Editor's Viewpoint: It's vital our voice is heard in Brexit talks
The House of Lords EU Committee's report on the impact of Brexit on Northern Ireland contains little that has not been said before, but it draws all the concerns together in one neat package and, importantly, brings them out of our partisan politics.
It could even be argued that the Lords have shown greater awareness of the sensitivities of Brexit here than the Tory government which will be negotiating on our behalf.
While it has to be accepted that Brexit is a reality - even if Northern Ireland voted against it - the impact it has had already in souring political relationships between unionists and nationalists could worsen if efforts to mitigate its effects are not made.
The Upper House does not underplay the impact of Brexit - worsening divisions, raising the spectre of a border poll, and contributing to the fall of the devolved government - and warns it threatens the fragile political settlement in Northern Ireland.
And they also underscore the need for the Government, which now has a working relationship with the DUP, to take account of nationalists' interests, noting that due to Sinn Fein's abstentionist policy, that section of the community is now voiceless at Westminster.
Perhaps the one part of the report which will displease the Prime Minister most is the Lords' call for the government to up its game in relation to involving the devolved administrations in the Brexit negotiating process.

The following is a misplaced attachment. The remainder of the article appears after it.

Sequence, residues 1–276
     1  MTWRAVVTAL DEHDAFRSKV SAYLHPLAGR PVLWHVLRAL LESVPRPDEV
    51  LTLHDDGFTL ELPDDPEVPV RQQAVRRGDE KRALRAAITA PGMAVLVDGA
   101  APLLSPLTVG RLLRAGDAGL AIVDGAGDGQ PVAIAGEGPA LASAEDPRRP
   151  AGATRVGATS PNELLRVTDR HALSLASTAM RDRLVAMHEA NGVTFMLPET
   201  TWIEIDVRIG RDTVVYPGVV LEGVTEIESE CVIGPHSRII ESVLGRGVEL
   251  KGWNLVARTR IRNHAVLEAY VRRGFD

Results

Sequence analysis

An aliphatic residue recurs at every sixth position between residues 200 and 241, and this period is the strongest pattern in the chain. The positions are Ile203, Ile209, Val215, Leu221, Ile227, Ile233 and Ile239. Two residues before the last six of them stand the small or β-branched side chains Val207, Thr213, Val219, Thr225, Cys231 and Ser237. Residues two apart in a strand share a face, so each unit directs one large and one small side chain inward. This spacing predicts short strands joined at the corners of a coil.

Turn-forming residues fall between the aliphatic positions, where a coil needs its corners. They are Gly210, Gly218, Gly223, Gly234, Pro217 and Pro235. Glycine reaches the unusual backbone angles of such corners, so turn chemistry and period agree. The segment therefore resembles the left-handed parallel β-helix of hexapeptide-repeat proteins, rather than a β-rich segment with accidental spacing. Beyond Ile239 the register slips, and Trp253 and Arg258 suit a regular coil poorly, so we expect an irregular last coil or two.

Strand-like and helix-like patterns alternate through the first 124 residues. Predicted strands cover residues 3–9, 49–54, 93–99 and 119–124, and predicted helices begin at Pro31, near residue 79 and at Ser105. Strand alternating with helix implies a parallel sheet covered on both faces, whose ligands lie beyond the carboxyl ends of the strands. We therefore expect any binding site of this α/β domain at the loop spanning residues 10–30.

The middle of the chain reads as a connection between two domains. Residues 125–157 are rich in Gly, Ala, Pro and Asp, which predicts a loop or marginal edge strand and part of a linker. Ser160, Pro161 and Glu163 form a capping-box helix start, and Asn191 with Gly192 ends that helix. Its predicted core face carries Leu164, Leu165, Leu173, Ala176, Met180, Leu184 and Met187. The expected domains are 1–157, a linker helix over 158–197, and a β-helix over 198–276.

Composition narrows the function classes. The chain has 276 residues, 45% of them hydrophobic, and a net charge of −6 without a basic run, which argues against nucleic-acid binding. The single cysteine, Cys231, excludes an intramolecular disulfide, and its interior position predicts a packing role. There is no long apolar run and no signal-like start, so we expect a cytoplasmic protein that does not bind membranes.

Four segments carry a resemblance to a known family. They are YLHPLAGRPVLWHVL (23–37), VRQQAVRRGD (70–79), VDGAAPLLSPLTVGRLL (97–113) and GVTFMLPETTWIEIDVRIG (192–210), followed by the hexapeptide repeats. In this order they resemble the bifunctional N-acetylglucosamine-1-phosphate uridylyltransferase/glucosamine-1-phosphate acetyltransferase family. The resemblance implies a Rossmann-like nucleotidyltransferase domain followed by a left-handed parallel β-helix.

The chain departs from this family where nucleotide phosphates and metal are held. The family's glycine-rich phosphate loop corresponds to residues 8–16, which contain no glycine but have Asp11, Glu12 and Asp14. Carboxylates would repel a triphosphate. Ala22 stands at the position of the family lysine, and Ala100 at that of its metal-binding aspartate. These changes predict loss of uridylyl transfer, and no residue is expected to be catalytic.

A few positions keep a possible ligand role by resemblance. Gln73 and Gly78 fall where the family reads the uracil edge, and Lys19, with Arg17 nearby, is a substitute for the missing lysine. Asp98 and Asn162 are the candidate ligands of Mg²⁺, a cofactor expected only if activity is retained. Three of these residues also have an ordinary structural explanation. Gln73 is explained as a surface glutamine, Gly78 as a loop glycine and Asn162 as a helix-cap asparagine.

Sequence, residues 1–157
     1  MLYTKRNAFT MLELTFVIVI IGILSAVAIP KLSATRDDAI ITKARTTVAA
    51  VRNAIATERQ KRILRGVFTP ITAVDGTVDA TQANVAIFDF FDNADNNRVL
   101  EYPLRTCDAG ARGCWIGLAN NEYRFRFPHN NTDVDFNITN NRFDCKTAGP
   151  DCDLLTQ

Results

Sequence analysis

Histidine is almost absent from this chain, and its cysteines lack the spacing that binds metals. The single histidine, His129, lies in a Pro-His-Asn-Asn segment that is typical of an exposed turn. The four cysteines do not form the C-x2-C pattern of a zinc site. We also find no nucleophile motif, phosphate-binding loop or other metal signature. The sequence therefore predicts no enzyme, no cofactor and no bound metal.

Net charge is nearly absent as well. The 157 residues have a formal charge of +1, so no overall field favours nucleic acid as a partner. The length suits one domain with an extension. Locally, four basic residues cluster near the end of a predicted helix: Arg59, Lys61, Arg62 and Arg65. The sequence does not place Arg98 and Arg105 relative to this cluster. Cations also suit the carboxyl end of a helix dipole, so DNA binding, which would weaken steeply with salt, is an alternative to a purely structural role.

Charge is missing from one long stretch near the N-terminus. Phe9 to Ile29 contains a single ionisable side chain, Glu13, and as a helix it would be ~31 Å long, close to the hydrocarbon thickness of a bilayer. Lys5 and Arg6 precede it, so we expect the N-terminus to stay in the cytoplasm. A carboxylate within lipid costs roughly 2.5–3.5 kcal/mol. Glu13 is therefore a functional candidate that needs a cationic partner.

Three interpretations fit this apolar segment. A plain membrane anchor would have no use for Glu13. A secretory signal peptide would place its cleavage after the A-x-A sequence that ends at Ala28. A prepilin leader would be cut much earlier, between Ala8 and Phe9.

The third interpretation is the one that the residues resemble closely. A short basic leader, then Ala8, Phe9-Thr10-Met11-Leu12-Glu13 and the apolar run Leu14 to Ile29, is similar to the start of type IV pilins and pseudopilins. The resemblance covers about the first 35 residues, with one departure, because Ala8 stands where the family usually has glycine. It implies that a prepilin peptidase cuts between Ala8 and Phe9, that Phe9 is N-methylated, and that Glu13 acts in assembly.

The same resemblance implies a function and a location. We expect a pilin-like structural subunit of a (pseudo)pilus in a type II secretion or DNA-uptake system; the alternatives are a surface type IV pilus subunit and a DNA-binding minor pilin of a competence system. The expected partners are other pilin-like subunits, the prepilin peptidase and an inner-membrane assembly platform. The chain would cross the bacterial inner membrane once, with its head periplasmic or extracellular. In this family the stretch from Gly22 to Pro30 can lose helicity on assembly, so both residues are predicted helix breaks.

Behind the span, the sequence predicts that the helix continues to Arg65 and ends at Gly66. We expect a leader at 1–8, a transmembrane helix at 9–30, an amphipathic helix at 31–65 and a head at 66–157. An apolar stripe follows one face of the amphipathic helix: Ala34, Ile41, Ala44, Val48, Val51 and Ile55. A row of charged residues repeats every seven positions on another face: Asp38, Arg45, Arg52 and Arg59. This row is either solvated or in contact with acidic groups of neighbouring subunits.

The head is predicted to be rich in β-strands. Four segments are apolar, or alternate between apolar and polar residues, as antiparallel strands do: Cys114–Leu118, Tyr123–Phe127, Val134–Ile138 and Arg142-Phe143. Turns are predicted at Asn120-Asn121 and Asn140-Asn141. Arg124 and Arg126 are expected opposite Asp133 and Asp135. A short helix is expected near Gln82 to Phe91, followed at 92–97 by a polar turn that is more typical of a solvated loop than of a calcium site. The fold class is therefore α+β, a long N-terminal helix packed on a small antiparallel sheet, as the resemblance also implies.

Many critics have noted that the Government has paid virtual lip-service to concerns voiced in Northern Ireland, Scotland and Wales and that Theresa May has made only a flying visit here.
There is merit in the Committee's suggestion for a Joint Ministerial Committee from the Regions to meet monthly as a way of ensuring the voices of the regions are heard.
Except, that is, for Northern Ireland which would have no representation on such a committee since there is no devolved administration operating here.
Brexit, arguably, is the most fundamental challenge facing the UK in generations and our political parties will have little input into how the province will fare.
One worrying example noted by the Lords was whether EU funding given to the regions would be replaced by Treasury funding based on the Barnett Formula, which would leave Northern Ireland worse off.
Another compelling reason for a return to Stormont, but are the parties listening?